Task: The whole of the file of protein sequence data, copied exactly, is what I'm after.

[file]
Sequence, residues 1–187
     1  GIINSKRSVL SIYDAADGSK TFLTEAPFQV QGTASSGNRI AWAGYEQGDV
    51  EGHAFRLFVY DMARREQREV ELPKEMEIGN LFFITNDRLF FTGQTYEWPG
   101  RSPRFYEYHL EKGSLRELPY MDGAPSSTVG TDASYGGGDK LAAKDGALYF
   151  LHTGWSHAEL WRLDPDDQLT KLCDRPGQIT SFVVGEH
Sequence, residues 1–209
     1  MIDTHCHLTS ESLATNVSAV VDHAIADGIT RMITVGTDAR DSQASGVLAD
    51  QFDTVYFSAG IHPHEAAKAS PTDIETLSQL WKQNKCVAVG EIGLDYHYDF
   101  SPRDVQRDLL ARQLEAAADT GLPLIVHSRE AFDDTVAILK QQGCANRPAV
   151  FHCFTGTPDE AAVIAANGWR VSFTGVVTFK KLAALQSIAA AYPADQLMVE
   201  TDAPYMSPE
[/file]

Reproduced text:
Sequence, residues 1–187
     1  GIINSKRSVL SIYDAADGSK TFLTEAPFQV QGTASSGNRI AWAGYEQGDV
    51  EGHAFRLFVY DMARREQREV ELPKEMEIGN LFFITNDRLF FTGQTYEWPG
   101  RSPRFYEYHL EKGSLRELPY MDGAPSSTVG TDASYGGGDK LAAKDGALYF
   151  LHTGWSHAEL WRLDPDDQLT KLCDRPGQIT SFVVGEH
Sequence, residues 1–209
     1  MIDTHCHLTS ESLATNVSAV VDHAIADGIT RMITVGTDAR DSQASGVLAD
    51  QFDTVYFSAG IHPHEAAKAS PTDIETLSQL WKQNKCVAVG EIGLDYHYDF
   101  SPRDVQRDLL ARQLEAAADT GLPLIVHSRE AFDDTVAILK QQGCANRPAV
   151  FHCFTGTPDE AAVIAANGWR VSFTGVVTFK KLAALQSIAA AYPADQLMVE
   201  TDAPYMSPE